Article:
A History of Art in Three Colours

Sur, Oman, famous for Dhow Building
Sur, Oman

I’ve been watching with some interest “A History of Art in Three Colours” on BBC 4 on Saturday evenings. The first episode, narrated by Dr James Fox, looked at the way gold has been used in art over the centuries. Last Saturday it was the turn of the colour Blue.

The programme began on the Venetian Lagoon and told the story of how the precious stone Lapis Lazuli was brought 3500 miles across the Mediterranean from a land that is now Afghanistan, to the edge of Europe. The Lapis Lazuli was ground to dust and the precious powder was then purified into a pigment which could be painted with. The colour blue was to transform the world of art.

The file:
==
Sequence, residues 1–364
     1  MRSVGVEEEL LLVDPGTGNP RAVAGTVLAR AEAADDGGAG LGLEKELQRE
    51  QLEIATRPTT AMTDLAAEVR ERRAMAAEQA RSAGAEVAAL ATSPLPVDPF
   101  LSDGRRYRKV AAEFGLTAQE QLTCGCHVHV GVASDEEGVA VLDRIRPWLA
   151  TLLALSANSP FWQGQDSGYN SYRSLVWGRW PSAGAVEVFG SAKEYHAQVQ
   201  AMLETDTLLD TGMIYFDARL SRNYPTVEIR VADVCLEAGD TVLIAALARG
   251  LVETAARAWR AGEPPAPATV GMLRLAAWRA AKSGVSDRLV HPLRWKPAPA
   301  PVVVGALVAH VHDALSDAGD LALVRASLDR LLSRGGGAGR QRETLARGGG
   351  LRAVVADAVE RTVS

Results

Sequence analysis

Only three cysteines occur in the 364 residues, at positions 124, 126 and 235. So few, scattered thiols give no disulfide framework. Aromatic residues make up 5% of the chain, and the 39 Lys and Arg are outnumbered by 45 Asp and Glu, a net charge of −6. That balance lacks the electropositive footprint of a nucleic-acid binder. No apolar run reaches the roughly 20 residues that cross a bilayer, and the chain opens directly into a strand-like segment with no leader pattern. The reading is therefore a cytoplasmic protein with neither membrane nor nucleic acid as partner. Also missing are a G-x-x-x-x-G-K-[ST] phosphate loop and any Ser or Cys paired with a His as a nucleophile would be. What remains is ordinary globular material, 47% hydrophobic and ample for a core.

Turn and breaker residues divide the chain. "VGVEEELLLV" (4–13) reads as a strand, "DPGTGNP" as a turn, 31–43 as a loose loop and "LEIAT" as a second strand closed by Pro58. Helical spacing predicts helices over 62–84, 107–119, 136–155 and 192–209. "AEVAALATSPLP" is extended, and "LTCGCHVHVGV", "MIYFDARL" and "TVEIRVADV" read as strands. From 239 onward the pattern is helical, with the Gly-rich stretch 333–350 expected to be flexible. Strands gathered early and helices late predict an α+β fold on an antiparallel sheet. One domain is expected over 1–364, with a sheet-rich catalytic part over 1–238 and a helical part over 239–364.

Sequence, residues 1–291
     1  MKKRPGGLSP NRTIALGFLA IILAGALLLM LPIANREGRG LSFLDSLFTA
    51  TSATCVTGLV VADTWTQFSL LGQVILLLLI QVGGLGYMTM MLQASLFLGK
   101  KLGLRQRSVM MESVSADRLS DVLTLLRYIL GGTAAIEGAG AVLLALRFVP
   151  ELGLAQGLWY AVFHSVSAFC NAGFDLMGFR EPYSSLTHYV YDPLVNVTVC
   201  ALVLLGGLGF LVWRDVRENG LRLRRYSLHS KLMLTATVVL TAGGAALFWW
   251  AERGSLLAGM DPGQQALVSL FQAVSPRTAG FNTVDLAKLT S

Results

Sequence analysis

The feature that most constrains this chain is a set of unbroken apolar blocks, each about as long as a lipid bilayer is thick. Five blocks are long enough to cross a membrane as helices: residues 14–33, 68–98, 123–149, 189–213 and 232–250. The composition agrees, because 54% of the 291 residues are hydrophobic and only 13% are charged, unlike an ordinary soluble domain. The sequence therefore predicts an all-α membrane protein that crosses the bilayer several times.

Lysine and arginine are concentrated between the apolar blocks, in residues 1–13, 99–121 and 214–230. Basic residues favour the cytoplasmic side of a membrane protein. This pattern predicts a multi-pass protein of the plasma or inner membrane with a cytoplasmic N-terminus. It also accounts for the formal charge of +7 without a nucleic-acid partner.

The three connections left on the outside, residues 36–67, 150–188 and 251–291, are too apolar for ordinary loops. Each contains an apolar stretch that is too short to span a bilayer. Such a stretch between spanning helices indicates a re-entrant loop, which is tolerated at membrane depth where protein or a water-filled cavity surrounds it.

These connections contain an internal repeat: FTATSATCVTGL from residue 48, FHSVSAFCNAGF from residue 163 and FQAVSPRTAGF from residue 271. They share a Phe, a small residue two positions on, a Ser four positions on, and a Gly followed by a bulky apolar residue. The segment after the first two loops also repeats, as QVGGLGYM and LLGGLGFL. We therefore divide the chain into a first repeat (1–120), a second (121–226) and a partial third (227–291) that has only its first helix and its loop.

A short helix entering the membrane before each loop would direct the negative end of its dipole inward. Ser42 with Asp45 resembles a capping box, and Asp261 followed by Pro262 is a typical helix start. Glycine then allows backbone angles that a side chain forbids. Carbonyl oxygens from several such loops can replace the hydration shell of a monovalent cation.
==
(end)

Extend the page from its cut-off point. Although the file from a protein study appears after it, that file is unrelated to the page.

It’s a colour which I’ve used extensively throughout my 32 years as an artist but none more so in the last 5 years when I have been painting on location in Oman. In 2007 I visited Sur for the first time, a coastal town renowned for its building of dhows. From that trip I produced this small original watercolour which I’ve reproduced as a limited edition print. I remember the day as being incredibly hot and the sky being a very intense blue as I sketched the dhows not far from the ┬áspot where I’ve painted the old watch tower in the painting above.

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